Most Italians drink their daily coffee at a local cafe, and over 20,000 Italians work as baristas. Many people with families consume an average of 37 kg of coffee per year, even at home.

9. You can find the smallest country in the world inside Italy

One of the smallest fun facts about Italy is that there is a whole other country within it! Spread over just 44 hectares, Vatican City is about one-eighth the size of New York’s Central Park. This makes it the smallest country in the world.

The mini city-state is located within Rome and is filled with some of the world’s most famous monuments. Thousands of visitors flock to Vatican City every day to see historic sites such as St. Peter’s Cathedral and the Sistine Chapel painted by Michelangelo in 1512.

10. One fifth of Italy is covered by hills and mountains

You can climb to the top of the world in Italy, about 25% of Italy’s land is hilly or mountainous. The country also has some of the most spectacular hiking trails in the world.

The highest mountain in Italy is Mont Blanc, which is 4,808 meters above sea level. It is also the highest mountain in the Alps, a spectacular mountain range that stretches 1,200 kilometers (750 mi) across eight countries, including France, Switzerland, Monaco, Austria, Liechtenstein, Slovenia, and Germany.

11. Italy is the largest wine producing country in the world

This fun fact about Italy may tempt wine lovers to visit. The country produced a whopping 54,800 hectoliters of wine in 2018, beating France at 49,000 hectoliters. 

Italy is also one of the world’s largest wine exporters. They exported $7.3 billion worth of wine in 2018, most of which went to the US, UK and Germany. Salute!

12. Italy has a low birth rate and the oldest population in Europe

Italy has one of the oldest populations in the world, with 23% of the population over 65 years of age, and the median age is around 45 years. The country also has one of the lowest birth rates in the Western world.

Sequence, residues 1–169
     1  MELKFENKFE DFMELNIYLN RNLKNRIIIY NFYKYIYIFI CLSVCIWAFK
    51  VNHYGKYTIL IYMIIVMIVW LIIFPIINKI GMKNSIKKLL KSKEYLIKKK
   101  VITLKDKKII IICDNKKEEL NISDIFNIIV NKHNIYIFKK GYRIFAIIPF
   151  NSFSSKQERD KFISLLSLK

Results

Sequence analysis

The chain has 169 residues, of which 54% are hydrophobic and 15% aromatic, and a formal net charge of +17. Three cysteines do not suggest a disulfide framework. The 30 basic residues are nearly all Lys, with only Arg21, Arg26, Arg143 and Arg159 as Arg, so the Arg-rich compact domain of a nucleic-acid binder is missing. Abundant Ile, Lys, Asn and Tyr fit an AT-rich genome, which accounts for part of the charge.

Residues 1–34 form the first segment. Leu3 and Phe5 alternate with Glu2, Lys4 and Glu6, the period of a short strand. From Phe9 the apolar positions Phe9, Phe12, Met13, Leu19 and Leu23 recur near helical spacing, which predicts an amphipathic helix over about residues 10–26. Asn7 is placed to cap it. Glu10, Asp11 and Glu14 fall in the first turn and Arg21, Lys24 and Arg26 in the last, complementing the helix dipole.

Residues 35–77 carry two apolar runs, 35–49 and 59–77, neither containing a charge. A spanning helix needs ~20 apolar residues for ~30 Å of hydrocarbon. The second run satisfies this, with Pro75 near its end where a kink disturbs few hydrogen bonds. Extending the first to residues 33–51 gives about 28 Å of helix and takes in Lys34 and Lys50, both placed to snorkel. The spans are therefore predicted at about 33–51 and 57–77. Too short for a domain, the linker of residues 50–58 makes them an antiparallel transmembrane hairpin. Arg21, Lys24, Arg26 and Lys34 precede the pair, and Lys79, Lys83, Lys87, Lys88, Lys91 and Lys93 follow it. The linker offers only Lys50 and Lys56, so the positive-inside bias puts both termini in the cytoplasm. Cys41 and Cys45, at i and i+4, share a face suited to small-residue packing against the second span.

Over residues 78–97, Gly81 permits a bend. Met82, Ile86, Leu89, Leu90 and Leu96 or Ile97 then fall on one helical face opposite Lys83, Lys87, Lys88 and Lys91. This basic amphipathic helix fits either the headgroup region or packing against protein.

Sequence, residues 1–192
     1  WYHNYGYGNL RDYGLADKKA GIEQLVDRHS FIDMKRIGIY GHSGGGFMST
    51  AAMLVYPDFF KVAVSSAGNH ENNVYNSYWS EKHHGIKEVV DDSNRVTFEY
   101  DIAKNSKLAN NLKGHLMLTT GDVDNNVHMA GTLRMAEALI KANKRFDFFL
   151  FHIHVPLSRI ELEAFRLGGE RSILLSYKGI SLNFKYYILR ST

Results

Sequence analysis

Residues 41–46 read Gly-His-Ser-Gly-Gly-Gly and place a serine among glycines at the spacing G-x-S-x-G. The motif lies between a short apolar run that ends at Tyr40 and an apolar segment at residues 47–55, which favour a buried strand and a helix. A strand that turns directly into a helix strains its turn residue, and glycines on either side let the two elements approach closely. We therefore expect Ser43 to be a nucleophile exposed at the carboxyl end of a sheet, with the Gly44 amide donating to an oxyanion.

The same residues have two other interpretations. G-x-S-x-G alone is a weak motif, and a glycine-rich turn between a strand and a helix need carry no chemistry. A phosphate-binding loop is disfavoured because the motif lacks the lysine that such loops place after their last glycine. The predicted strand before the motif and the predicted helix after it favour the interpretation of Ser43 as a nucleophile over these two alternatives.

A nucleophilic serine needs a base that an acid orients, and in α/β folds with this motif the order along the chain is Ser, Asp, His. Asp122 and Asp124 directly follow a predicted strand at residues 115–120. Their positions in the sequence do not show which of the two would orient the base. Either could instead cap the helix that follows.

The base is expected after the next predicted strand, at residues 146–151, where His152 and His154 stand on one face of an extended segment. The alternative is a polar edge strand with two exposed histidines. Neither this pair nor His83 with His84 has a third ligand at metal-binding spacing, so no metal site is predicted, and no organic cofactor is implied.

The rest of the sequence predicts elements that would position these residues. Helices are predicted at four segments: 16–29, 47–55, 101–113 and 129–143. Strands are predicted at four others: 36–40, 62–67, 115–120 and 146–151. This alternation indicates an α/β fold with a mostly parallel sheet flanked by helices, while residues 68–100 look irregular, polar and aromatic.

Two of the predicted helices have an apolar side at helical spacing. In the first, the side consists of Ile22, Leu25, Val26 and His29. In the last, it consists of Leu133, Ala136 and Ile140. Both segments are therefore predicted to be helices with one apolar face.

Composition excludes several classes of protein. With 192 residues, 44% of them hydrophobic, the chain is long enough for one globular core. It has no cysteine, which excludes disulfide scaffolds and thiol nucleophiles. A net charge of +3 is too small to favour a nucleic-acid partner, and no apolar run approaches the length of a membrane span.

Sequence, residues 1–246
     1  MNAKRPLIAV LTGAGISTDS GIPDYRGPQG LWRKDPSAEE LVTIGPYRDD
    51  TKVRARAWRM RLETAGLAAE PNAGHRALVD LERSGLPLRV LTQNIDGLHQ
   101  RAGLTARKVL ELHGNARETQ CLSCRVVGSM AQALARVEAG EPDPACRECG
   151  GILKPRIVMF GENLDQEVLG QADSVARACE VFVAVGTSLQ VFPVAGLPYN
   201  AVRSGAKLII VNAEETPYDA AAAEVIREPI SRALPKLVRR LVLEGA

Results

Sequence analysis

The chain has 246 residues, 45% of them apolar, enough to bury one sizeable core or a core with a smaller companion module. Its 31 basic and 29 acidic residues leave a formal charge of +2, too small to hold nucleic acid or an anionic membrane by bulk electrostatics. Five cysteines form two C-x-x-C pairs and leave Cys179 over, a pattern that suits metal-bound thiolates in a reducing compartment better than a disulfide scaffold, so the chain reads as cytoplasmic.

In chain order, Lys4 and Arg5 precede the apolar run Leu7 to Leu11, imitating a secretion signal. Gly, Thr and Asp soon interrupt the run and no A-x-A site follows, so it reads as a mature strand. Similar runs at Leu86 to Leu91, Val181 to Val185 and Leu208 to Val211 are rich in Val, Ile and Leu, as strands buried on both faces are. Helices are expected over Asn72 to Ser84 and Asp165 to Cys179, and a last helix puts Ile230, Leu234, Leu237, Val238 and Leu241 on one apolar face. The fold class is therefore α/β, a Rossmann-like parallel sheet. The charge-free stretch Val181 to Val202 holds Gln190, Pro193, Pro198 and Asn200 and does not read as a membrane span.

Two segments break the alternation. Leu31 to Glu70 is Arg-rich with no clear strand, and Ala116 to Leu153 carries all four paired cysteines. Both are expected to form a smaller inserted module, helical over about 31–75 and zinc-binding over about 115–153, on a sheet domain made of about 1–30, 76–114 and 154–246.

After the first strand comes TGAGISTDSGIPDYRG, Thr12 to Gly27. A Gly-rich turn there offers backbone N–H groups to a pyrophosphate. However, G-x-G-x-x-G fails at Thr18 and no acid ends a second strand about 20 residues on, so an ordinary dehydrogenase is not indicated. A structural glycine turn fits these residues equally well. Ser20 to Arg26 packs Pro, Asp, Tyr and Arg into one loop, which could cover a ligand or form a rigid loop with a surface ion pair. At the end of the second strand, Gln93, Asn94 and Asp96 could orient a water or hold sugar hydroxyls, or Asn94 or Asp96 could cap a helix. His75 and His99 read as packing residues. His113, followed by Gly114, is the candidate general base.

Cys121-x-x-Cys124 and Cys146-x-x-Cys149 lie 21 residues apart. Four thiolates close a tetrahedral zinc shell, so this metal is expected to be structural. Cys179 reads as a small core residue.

More people are waiting longer to have children, while many other couples are having fewer or no children at all. In an effort to stabilize the birth rate, the government has recently introduced several incentives to encourage people to have more than one child. 

13. Tourists throw €3,000 into the Trevi Fountain every day

Thousands of tourists flock to the beautiful Fontana di Trevi where they toss coins for luck – a change worth €3,000 a day. In 2016, an estimated €1.4 million (US$1.5 million) was thrown into the fountain. 

Money was collected and donated to charity, including subsidizing a supermarket in Rome for the needy.

The tradition of throwing coins into the fountain stems from a local legend that says that if you throw a coin from your right hand over your left shoulder, you will one day return to Rome. 

The 1950s film “Three Coins in the Fountain” inspired another legend that says that if you toss two more coins, you will find a new romance and a grand Roman wedding.

14. Rome is over 2,000 years old – but Italy is one of the youngest countries in Europe

Italy is less than 200 years old; Although the capital Rome is ancient. The city was founded in 753 BC and has a history of 28 centuries. The Romans named the city after the Roman Empire, which began in 27 BC and ruled much of Europe and North Africa until 395 AD.

The region was then divided into separate states, which were not united until 1861. At the same time the Empire of Italy as we know it today was founded.

15. Italians have over 2,500 types of cheese

One of the tastiest facts about Italy is that they have the largest variety of cheeses in the world. It is one of Italy’s greatest gifts to the world, with more than 2,500 traditional cheeses. The most popular include Parmesan, Mozzarella, Ricotta, Provolone and Gorgonzola.

The country is the third largest cheese producer in the European Union after France and Germany. If you are a cheese fanatic, head to Lombardy where they make 77 varieties of cheese. We know where to go for our next cheese and wine night!